How to identify different ticks

Ticks are the most common external parasite of livestock and are vectors for a number of serious diseases. We list and describe some of the more common ticks.

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The blue tick gets its name from the blue tinge to the body and yellow legs, although may also take on a darker tinge (as seen in this somewhat ‘dehydrated’ one). halus (formerly Boophilus) microplus (cattle tick)

The cattle tick is oval in shape and colouration varies from reddish brown to flesh-colured. The female is on the right.
(Photo: Alan Walker)

The cattle tick (Rhipicephalus microplus) adapts quickly to areas where it has been ‘introduced’. Larvae gather on the soft skin of an animal, such as the inner thighs, flanks, forelegs and abdomen. 

Habitat: Savannah; wooded grassland.

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Hosts: Primarily cattle, though it will also utilise horses, donkeys, sheep, pigs and occasionally sheep and buffalo.

Diseases: Asiatic redwater, bovine babesiosis and anaplasmosis (Anaplasma marginale) gall fever. The animal shows reduced weight, and a decrease in milk yield.

Control: R. microplus can build up acaricide resistance more rapidly than most other tick species, so avoid prolonged treatment with a single acaricide. If there is resistance to both organophosphate and chlorinated hydrocarbon acaricides, carbamate acaricide can be effective. Another option is regular dipping until the livestock are tick-free. After two more dips, send the animals to a tick-free pasture. The pasture they were removed from must lie idle for six to 10 months. The novel cattle tick vaccine can be used as an alternative to dipping.

Amblomma hebraeum (Bont tick)

A male bont tick. Males reach a length of 6mm, while females can be 5mm long. Both sexes have large, powerful mouthparts capable of causing considerable damage to the host. (Photo: Paul Donavan)

Bont (Afrikaans for ‘colourful’) ticks are typically found in short pasture. They collect on the lower legs of animals, or between their hooves, and crawl from there to their chosen feeding site, usually around the hairless regions of the body such as the genitalia and underbelly.

Habitat: The egret is one of the tick’s main hosts; this makes it the most widely distributed tick on the continent. It has been recorded in at least 30 countries, including South Africa, Namibia, Botswana, Zimbabwe, Malawi, Mozambique and Angola.
Hosts: Cattle, goats, sheep, horses and dogs, as well as antelope and birds are all targeted by the bont tick.

Diseases: One of the main diseases spread by the tick is heartwater (Ehrlichia ruminantium), where fluid develops around the heart and lungs. Mortalities can be as high as 80% in infected animals. An additional problem is potential blood loss. Before dropping off to lay its eggs, a female can consume up to 20ml of blood.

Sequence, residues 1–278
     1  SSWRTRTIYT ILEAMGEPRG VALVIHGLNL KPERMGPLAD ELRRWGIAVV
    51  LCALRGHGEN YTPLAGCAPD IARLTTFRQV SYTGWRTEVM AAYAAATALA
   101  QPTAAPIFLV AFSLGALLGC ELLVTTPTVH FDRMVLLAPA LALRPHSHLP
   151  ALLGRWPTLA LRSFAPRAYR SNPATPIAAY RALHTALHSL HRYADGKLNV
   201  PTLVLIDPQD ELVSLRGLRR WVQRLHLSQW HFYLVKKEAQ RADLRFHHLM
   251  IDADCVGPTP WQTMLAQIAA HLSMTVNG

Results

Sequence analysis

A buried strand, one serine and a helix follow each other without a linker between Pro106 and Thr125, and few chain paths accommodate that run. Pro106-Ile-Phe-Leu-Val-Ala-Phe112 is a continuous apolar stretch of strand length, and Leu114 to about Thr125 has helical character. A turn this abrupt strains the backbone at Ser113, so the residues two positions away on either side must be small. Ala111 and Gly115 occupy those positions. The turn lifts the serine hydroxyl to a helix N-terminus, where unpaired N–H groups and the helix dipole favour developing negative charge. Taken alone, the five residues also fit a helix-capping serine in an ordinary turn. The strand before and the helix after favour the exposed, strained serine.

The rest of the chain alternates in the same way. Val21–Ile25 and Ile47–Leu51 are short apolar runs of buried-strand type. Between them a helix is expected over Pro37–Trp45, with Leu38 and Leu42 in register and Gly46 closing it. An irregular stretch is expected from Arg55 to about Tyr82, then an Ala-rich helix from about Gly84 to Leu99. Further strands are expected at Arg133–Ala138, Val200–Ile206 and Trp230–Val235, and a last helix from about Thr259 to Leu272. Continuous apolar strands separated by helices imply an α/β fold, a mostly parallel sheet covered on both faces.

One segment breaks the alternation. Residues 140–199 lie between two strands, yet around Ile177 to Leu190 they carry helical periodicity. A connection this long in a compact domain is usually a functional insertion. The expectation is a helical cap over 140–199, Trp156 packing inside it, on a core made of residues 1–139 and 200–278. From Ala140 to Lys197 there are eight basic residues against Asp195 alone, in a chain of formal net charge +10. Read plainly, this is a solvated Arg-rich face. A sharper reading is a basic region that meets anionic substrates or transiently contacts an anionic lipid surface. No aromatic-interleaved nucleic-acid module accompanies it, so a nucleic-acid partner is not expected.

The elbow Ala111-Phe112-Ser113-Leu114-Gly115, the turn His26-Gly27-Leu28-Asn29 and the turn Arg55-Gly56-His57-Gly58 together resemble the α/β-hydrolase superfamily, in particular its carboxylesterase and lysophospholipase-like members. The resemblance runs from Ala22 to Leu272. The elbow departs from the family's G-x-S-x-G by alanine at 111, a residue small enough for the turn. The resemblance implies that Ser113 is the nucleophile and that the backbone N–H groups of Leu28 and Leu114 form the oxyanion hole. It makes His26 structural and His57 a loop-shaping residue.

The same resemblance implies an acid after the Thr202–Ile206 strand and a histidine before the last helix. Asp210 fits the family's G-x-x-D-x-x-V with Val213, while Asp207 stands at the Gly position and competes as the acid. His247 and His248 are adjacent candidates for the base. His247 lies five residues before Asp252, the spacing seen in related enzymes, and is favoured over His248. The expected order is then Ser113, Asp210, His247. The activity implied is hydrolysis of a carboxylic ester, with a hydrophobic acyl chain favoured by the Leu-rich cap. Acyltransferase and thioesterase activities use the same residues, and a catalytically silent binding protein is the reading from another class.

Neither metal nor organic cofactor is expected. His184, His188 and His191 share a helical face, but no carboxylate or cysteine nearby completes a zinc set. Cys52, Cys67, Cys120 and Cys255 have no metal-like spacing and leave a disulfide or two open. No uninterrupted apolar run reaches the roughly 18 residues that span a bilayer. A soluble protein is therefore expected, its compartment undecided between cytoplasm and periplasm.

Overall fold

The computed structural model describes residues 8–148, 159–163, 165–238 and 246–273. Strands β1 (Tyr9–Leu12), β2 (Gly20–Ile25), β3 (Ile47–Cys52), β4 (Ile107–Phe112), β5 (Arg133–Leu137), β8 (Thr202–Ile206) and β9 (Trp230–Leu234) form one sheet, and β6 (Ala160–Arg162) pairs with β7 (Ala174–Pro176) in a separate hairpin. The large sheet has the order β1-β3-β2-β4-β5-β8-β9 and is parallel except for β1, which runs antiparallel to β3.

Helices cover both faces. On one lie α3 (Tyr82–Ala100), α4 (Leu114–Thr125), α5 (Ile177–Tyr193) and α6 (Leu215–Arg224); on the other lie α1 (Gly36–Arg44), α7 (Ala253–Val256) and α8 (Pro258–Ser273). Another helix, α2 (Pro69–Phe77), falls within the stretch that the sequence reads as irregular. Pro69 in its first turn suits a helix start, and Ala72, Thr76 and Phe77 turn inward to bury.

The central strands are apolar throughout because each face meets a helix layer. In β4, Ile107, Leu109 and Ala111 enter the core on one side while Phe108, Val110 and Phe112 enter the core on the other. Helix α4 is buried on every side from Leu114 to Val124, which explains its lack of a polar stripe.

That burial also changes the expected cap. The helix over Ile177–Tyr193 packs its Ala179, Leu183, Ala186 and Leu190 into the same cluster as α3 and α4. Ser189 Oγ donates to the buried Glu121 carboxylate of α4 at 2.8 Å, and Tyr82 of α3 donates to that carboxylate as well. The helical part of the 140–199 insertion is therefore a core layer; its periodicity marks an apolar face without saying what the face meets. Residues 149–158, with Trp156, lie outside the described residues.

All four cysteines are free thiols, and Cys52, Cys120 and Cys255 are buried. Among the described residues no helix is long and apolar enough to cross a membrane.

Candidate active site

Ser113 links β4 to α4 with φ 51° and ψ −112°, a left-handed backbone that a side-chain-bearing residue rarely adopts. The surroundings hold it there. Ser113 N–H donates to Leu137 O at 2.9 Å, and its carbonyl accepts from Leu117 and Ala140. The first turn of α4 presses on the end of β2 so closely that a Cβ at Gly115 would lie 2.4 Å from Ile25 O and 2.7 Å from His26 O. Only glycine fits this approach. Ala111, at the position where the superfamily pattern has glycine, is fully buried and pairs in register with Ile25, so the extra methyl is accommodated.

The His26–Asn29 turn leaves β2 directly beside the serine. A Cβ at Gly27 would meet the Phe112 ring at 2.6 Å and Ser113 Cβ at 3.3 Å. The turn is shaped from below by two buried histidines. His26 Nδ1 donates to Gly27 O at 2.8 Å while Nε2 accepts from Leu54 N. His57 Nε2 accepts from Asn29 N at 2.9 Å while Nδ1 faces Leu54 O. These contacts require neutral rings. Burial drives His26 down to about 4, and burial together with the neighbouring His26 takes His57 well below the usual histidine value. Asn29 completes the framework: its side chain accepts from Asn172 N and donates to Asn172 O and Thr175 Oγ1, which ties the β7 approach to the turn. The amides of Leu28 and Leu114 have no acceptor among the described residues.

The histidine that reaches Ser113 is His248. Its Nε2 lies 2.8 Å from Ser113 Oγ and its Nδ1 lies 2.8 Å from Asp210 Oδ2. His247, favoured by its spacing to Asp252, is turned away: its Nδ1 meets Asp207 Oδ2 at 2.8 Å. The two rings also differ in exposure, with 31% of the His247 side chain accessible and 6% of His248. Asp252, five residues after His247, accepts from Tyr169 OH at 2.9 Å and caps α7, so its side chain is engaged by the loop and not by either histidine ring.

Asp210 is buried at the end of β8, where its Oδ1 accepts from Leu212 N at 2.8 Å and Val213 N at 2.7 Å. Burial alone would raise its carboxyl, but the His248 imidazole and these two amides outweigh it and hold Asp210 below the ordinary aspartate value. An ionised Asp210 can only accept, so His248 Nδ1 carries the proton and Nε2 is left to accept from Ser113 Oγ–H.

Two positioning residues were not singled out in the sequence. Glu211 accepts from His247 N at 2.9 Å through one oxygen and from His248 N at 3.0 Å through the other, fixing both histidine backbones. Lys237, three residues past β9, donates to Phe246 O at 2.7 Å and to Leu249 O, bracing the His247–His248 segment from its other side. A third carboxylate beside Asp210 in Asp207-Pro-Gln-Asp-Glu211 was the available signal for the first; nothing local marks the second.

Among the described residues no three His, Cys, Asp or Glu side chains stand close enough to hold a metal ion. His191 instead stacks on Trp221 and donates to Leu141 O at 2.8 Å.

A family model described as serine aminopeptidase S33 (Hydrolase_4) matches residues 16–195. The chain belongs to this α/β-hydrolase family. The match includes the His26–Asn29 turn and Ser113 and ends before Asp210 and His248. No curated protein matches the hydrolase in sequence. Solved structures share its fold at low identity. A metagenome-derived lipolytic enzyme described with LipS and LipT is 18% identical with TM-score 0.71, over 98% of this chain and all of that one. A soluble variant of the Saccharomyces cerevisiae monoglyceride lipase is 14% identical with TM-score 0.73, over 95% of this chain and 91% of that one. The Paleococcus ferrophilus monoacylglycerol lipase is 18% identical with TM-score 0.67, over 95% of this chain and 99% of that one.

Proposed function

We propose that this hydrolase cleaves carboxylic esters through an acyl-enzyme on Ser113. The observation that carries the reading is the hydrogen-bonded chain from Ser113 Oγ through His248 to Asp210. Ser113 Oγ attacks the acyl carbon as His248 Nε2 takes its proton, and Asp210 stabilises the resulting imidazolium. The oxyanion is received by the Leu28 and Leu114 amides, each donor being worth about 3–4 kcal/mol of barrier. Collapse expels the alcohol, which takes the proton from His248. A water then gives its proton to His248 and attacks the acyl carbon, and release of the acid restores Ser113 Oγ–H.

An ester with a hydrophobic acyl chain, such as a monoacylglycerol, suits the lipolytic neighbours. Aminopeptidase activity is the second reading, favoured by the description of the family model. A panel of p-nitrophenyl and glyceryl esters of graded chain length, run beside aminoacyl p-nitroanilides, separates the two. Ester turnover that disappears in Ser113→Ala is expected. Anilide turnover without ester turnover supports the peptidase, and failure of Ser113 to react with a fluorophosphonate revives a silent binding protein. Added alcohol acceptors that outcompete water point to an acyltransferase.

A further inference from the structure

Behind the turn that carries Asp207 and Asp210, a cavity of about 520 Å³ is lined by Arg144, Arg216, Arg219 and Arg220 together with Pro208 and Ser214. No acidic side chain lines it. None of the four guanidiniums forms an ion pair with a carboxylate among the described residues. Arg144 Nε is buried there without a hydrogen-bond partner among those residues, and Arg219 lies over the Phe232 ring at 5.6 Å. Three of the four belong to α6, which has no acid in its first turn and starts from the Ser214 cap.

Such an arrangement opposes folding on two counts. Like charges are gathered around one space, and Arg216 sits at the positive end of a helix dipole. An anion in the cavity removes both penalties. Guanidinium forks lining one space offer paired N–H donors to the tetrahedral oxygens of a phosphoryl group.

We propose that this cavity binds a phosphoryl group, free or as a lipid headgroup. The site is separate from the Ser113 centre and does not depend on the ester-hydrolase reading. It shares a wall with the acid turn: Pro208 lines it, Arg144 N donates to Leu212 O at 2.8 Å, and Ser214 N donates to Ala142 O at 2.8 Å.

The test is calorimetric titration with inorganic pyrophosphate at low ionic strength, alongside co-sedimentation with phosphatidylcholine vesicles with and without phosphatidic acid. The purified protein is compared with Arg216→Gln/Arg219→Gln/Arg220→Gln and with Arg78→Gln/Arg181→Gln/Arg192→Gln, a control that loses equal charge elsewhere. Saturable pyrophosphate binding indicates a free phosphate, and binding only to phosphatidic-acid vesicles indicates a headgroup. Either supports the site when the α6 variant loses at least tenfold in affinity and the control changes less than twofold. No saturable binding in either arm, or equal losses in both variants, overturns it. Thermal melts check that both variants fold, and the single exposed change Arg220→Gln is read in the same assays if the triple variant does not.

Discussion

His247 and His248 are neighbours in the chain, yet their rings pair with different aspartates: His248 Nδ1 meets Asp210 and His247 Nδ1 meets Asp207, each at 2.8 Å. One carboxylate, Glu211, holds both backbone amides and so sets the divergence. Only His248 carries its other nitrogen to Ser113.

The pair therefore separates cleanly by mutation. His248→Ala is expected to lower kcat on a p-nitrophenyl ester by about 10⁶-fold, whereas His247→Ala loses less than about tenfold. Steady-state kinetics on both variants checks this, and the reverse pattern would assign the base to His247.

A heavy infestation can lead to weight loss, reduced appetite and a predisposition to other diseases. Signs include nervousness (more obvious in cattle than sheep or goats), difficulty in walking, respiratory distress, convulsions and death.

Control: Control can include movement restrictions, pre-export inspection, quarantine and treatment with acaricides while the tick is on the host animal. It has been suggested that livestock should not be reintroduced into pasture where measures have been in place to eradicate the tick for at least four years. A heartwater vaccine is available, and animals respond well to treatment with tetracycline.

Rhipicephalus (Boophilus) decoloratus (Blue tick)

The blue tick gets its name from the blue tinge to the body and yellow legs, although may also take on a darker tinge (as seen in this somewhat ‘dehydrated’ one). (Photo: paul Donavan)

The blue tick is present throughout the year, but is most active in December to January and March to July. It can be widely dispersed on the host, although the adults prefer flanks and underbelly, while the immatures are found mostly on the ears, neck and dewlap.

Habitat: Savannah; grasslands; wooded areas.

Host: Primarily cattle and equines, but sheep, goats, gemsbok and dogs have also been identified as carriers.

Diseases:Redwater disease, gallsickness, babesiosis, anaplasmosis, anaemia, and cattle tick ‘worry’. Heavily infected livestock may lose weight and show significant reduction in milk yield. Babesiosis manifests as a rise in body temperature, red urine, emaciation and death.

Control: A three-weekly dipping cycle with acaricide. During winter, dipping may be reduced due to lower lick levels. Beware of resistance, however. A cost-effective alternative that is friendlier to both animals and the environment, is to immunise livestock with Rhipicephalus microplus Bm86 protective antigen.

Produced in the 1990s, Bm86 is effective in controlling a number of tick species of the genus Rhipicephalus. Vaccination has a number of benefits: reducing the number of engorged ticks on the animal as well as the number of larvae on the animal over successive generations may disrupt the tick’s breeding cycle. Females are likely to drop off before they are ready to breed. In addition, it reduces the chances of resistance build-up.